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Parker v. Colvin

United States District Court, S.D. Indiana, Indianapolis Division

March 25, 2015

JODI D. PARKER, Plaintiff,



This is an action for judicial review of the final decision of Defendant Commissioner of Social Security ("Commissioner") finding Plaintiff Jodi D. Parker ("Ms. Parker") not entitled to Disability Insurance Benefits ("DIB") or Supplemental Security Income ("SSI") under Title II and Title XVI of the Social Security Act. See 42 U.S.C. §§ 416(i), 423(d), & 1382c(a)(3).

Procedural History

Ms. Parker filed an application for DIB and SSI in September 2010 in which she alleged a disability onset date of July 5, 2009. This application was denied both initially on January 31, 2011, and upon reconsideration on April 21, 2011. Subsequently, an Administrative Law Judge ("ALJ") found that Ms. Parker failed to qualify as disabled because she was capable, even with her impairment, of performing other available work in the national and local economy. R. at 26-29. After the Appeals Council denied Ms. Parker's request for review on December 4, 2013, the Commissioner's decision became final, and Ms. Parker timely exercised her right to judicial review under 42 U.S.C. § 405(g). This case was referred for consideration to Magistrate Judge Dinsmore, who on September 22, 2014 issued a Report and Recommendation ("R & R") that the Commissioner's decision be upheld because it was supported by substantial evidence and was otherwise in accordance with law. This cause is now before the Court on Plaintiff's Objections to Magistrate Judge's R & R.

Factual Background

Jodi Parker was forty-six years old when she filed her application for DIB and SSI on the basis of hip and knee injuries, bipolar disorder, and hearing loss. R. at 90.[1]She had previously been employed as a cashier for companies such as Menard's and Wal-Mart. R. at 45-52. Ms. Parker received medical treatment from her primary care physician, Dr. Jose Valena, between 2008 and 2012. Dr. Valena diagnosed Ms. Parker with hypertension, diabetes mellitus, chronic back pain; osteoarthritis of the spine, knees, and hips, anxiety disorder, and bipolar disorder. R. at 19, 267, 273, 286, 480, 588.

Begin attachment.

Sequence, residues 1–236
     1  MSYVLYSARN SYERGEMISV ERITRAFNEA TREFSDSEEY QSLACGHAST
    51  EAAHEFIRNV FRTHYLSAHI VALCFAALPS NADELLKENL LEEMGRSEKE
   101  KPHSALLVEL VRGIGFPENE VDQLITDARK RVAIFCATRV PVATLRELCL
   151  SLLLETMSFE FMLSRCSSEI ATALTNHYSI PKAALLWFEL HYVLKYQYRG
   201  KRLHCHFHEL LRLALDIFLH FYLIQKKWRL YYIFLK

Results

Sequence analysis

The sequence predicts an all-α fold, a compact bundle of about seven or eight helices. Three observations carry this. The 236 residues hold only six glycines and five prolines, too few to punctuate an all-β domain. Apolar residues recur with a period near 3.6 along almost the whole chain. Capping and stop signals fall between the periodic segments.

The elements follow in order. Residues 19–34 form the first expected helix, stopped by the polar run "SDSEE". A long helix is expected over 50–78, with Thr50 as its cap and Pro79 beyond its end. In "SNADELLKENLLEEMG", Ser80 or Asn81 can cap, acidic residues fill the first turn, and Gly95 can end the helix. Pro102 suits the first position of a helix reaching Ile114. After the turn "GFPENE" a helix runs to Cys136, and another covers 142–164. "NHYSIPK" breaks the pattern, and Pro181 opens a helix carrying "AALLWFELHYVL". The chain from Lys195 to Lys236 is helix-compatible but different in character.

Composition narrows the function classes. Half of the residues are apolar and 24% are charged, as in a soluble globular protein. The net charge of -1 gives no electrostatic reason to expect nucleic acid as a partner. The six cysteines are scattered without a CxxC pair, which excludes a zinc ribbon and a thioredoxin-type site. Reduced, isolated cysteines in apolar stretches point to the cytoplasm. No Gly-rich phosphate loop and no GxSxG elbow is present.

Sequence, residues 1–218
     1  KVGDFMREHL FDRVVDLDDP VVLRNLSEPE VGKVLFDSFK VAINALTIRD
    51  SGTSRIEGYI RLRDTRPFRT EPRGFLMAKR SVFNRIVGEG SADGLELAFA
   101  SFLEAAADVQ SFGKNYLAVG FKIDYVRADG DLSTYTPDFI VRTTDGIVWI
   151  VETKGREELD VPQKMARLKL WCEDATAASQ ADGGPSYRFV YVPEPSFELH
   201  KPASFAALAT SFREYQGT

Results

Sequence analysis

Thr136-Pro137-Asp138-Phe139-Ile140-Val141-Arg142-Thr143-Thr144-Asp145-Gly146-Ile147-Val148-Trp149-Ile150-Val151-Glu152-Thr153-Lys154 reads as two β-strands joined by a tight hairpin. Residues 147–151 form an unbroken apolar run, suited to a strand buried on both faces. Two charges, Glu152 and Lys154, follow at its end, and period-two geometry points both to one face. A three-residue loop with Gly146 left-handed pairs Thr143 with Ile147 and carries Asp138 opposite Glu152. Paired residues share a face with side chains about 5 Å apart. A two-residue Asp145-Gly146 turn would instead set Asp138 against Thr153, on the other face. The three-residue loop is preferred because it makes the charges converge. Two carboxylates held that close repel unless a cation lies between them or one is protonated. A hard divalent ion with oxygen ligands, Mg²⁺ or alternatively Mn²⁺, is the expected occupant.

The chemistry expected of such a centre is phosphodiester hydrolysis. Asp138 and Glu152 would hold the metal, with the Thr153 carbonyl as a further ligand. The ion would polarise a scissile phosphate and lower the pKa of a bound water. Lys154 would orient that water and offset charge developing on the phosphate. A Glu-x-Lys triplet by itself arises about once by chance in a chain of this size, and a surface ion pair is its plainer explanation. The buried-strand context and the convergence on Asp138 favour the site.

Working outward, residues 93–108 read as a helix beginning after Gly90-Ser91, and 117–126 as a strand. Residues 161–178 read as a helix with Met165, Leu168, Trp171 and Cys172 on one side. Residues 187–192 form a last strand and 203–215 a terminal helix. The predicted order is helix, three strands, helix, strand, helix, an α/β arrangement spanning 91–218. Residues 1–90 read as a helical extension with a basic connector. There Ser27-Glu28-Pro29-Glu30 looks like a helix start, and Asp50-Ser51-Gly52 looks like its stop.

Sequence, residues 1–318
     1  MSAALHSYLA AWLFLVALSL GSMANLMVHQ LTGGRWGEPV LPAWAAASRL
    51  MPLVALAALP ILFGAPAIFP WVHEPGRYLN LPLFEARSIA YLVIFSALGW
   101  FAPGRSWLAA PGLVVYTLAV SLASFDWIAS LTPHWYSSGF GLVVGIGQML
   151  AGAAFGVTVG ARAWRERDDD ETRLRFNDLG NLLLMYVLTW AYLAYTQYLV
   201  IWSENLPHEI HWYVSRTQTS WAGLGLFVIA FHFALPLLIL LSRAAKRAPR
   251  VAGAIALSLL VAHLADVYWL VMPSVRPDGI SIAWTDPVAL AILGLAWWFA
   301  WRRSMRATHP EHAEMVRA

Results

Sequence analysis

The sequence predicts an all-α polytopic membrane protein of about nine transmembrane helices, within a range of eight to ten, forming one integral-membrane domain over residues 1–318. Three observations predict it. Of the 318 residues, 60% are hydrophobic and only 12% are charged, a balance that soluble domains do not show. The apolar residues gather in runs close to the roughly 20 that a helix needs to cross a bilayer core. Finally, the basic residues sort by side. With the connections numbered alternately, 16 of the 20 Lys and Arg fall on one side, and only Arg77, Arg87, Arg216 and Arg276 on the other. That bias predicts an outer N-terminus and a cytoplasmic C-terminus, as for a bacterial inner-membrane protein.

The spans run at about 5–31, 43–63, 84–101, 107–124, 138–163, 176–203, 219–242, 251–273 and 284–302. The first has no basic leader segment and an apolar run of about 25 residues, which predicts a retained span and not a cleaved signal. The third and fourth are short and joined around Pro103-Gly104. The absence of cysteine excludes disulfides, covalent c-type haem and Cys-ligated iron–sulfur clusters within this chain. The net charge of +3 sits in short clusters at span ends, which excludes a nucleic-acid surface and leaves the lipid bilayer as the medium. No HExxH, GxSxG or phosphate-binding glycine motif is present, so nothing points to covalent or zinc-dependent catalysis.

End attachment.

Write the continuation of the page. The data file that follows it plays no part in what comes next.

In 2009, Ms. Parker visited the emergency room several times to obtain medical care. In January, she received treatment for left knee pain, but X-rays came back negative. R. at 372-74. In April, Ms. Parker returned to the emergency room for back and hip pain, but X-rays again came back negative. R. at 364-67. Finally, in May, Ms. Parker returned to the emergency room for chest and left arm pain, R. at 345, but tests indicated "no active disease" or anomalies. R. at 356, 358. Ms. Parker was released from the emergency room in stable condition. R. at 360.

In 2010, Ms. Parker underwent a series of medical consultations as required by the benefits application process. In November 2010, Dr. Nicole Caldwell performed a physical consultative exam, during which Ms. Parker reported that she had been involved in a car accident several years prior and, as a result, suffered from back, hip, and knee pain. R. at 420. Ms. Parker also reported that she had been diagnosed as bipolar, but stated that her medication properly managed that condition. Id. Furthermore, although Ms. Parker reported having a history of hearing loss, Dr. Caldwell observed that Ms. Parker could understand speech at a normal volume and without looking at the speaker's face. R. at 420-22. Dr. Caldwell noted that Ms. Parker's lungs were clear, her extremities were normal, her neurological function was intact, and her posture and gait were normal. R. at 421. Dr. Caldwell diagnosed Ms. Parker with chronic hip pain, chronic back pain, and osteoarthritis, and he recommended additional imaging tests to assess those conditions. Id. Those tests yielded mixed results. X-rays of Ms. Parker's hip were negative, R. at 424, but X-rays of her knees showed a loose body and osteoarthritis, R. at 425-26. X-rays of Ms. Parker's back showed mild degenerative changes, R. at 427, and subsequent X-rays of her knees showed a potential meniscus tear. R. at 637-40.

In addition, in November 2010, Dr. Javan Horwitz conducted a psychological consultative exam. R. at 412. Dr. Horwitz found that Ms. Parker had good social skills, attempted each task with full effort, and related to the examiner with average ability. R. at 414-16. Dr. Horwitz noted Ms. Parker's history of bipolar disorder and anxiety, R. at 413, and stated that her "mood instability may slow her [work] performance down at times." R. at 416. Dr. Horwitz nonetheless determined Ms. Parker could perform simple tasks "without much difficulty." Id.